|Earnings Item (€)||2021 Q2||2020Q2||2019 Q2|
|Net Income||1.654||-874||268* (5.954)|
|# of shares||918.479||918.479||918.479|
|Operating Cash Flow||2.537||2.242**||1.946|
|Free Cash Flow||1.770||1.516||965|
|Debt / Equity||40%||44.3%||40%|
* excludes sale of business unit for comparison reasons. Figure including the sale is between brackets
** they created 1 bln in positive working capital. This influenced the FCF in a positive way, but can be considered one-off creative accounting.
*** happens once a year in Q2, that’s why it looks so high
As you can see, they really had an outstanding second quarter of the year.
The growth compared to 2019 was equally outstanding and I find this really remarkable considering the current economic environment.
These numbers have boosted the confidence of management, because BASF decided to increase their forward outlook for the remainder of 2021.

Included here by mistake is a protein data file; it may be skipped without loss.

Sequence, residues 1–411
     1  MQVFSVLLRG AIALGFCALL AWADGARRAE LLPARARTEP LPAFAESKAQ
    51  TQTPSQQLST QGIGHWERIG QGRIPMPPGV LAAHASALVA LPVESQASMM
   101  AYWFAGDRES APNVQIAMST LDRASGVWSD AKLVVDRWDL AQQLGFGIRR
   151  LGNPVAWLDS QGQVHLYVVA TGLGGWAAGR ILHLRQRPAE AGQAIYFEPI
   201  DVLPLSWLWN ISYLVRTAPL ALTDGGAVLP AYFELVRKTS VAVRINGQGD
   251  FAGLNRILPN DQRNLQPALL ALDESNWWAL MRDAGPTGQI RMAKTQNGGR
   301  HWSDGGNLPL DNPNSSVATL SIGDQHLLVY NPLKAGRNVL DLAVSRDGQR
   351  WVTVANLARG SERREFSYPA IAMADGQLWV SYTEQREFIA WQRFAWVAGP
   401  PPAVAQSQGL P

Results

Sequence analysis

What I also like about these numbers is that management was able to pass on the inflation costs to their customers.
This doesn’t happen too often by commodity producers as could be witnessed by Kimberly Clark’s numbers.
Recommendation: I actually created a video about Kimberly-Clark 3 months ago with the title inflation is coming!. Just in case you are interested.
So overall, great numbers. But that triggers the question then: are we observing peak earnings right now? And in that case, shouldn’t I just be patient and wait for a next market crash?
Why I bought some BASF shares after BASF earnings results